dropped her laptop and the harddrive no longer operates. She lost most of
    her professional and personal work from the last four months. And this lady is
    a pro.

    The P&S crowd doesn't stand a chance, IMHO.
     
  18. Funny story, I've got a good one too. Two LA Times photographers came to my town in the Eastern Sierra to shoot a local rock climber. Neither of their pro digital cameras would work, so they ended up shooting with their back-up film camera. I think digital cameras have allowed many consumers to be more interactive with their pictures than they would have been before, which is great. But I sure have seen some bad prints made from digital camera.
    On the whole film companies are shifting away from the 'dominant' roll that they have had. Once this all settles down, film users will still be able find most of what they want, for maybe a bit more money. I don't believe that digital cameras are going to save consumers money though. If an industry made a certain amount of money before, why would they settle for less. If one's thrifty, one can outfit a nice darkroom, a medium format camera and lenses and some basic studio equipment for the price of 'medium format' compatible digital camera, not including lenses, computer and software...oh yeah, and memory, memory, memory. For the fine art photographer, the economocal choice is still film.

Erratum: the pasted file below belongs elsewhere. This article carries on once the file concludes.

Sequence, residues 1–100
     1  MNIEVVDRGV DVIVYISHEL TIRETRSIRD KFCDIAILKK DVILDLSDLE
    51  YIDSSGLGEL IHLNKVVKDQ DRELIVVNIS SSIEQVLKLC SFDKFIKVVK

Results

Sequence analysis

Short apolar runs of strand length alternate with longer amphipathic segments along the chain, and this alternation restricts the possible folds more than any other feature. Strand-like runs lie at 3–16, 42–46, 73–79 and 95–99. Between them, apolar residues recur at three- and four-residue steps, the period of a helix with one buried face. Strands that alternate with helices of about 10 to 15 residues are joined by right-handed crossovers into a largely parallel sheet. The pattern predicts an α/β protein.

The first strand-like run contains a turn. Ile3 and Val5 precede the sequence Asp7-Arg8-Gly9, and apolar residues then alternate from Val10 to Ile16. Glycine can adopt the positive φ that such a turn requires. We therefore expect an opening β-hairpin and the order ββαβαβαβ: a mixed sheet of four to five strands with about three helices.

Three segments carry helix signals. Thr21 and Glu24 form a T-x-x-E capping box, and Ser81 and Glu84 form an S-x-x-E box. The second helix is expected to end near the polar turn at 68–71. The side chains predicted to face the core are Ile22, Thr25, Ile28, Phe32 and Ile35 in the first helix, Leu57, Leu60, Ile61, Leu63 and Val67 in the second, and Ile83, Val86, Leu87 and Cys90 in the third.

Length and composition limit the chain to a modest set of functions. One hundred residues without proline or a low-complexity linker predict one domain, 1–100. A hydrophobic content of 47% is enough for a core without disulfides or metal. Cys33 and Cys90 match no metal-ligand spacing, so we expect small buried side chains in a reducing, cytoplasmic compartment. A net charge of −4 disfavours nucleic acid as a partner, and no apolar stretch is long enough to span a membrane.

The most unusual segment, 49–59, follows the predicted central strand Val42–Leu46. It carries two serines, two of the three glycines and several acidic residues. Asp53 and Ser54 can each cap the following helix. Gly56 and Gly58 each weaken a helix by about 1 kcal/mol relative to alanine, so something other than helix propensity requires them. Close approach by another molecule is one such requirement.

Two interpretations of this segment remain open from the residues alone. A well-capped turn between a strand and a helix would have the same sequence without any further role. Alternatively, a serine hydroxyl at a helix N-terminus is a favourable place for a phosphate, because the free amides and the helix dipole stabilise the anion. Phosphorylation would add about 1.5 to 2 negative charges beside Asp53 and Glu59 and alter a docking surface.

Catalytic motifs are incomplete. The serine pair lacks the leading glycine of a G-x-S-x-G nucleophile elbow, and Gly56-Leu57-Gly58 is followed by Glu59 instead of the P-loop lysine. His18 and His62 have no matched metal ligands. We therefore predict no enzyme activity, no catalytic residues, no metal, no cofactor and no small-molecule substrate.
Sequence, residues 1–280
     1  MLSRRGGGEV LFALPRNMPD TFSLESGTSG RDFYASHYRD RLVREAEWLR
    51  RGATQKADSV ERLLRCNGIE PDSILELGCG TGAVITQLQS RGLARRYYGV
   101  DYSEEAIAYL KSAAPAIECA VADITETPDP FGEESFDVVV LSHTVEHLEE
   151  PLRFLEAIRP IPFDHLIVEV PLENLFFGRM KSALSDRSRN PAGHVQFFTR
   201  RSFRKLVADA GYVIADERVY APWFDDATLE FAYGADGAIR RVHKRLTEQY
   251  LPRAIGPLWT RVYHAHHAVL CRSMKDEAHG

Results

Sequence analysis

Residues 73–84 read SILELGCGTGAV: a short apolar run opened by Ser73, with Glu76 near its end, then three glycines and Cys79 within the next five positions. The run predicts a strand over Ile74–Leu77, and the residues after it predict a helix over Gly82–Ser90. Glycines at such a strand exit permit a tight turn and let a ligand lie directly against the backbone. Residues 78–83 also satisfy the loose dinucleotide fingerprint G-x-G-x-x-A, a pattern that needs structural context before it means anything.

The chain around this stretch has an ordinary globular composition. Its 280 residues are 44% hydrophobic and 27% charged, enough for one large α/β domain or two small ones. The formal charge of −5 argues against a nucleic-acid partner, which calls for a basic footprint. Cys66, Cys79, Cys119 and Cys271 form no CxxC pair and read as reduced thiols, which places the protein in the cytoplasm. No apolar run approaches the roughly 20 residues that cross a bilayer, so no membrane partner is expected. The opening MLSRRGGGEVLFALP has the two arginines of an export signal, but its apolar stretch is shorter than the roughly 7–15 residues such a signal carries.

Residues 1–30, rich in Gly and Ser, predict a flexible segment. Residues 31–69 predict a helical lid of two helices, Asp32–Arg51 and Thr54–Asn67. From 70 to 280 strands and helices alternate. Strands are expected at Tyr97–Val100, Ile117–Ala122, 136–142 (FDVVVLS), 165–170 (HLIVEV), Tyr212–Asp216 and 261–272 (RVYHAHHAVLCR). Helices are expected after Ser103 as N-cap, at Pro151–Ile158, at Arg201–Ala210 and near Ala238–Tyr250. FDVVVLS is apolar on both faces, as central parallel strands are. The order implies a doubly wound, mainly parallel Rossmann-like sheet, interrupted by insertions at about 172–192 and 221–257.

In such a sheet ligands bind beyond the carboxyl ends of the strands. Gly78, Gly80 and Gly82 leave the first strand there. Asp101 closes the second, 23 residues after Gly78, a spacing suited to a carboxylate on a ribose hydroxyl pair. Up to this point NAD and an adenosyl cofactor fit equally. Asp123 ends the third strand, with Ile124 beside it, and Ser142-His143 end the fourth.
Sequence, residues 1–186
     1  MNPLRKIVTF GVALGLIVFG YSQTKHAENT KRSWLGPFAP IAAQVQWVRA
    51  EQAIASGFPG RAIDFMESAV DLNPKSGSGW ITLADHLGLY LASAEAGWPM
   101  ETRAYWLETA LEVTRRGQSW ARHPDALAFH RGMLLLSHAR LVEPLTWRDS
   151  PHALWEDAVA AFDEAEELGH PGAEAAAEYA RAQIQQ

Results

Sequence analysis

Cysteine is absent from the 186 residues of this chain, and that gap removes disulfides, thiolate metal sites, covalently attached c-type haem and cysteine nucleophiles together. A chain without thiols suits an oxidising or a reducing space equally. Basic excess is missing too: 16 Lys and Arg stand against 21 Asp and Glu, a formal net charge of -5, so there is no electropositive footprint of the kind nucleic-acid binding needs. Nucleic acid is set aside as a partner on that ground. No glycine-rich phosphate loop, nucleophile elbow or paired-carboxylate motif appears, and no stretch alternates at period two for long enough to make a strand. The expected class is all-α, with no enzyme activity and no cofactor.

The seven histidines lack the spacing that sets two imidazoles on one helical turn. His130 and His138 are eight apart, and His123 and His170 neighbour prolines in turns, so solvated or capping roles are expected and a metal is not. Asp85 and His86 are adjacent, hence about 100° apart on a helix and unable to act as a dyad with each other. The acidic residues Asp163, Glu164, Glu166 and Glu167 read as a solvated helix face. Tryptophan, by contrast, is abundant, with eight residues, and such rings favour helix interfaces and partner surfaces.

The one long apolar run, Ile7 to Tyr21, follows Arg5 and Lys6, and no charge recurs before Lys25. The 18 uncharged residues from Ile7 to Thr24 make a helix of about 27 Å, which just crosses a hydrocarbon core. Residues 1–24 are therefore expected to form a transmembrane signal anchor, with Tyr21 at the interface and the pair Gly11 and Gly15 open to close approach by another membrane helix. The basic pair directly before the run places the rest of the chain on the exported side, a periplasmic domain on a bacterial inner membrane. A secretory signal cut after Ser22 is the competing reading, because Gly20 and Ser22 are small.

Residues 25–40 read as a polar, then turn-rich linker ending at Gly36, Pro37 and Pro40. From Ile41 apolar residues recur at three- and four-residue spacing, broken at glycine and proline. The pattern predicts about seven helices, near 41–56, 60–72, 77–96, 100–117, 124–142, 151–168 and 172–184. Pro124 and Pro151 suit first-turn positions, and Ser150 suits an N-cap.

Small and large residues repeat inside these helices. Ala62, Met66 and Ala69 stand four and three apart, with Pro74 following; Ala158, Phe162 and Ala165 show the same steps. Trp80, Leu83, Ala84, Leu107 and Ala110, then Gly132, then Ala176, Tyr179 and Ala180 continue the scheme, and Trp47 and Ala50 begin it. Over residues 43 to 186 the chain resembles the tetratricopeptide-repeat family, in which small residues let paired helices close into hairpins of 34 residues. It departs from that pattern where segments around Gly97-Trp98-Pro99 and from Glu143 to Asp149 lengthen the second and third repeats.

19. Film will be around for a few more years and b&w will probably outlast color film. But dont expect to be able to buy film in a camera store to way you use to.

    My guess is that, save for large metro cities, film will only be available over the internet. Which is a good thing, cause then everybody will have access to it.

    Distribution will the key to to film's continued use.
     
  20. PopPhoto is just a poorly camouflaged sprawled up ad. Probably 80-90% of it is ads. So there is not any surprize there. Just in case though, I maintain a small stash of film in the freezer :)
     
  21. Sure - it's going down, but why worry? You're in good company, and there's still time to do a bunch of shooting.

    With the loss of military, news media, printing shops and document recording accounts, who were possibly the main mass consumers of film, it's hard for Kodak, at least, to keep their most recent manufacturing mode in place.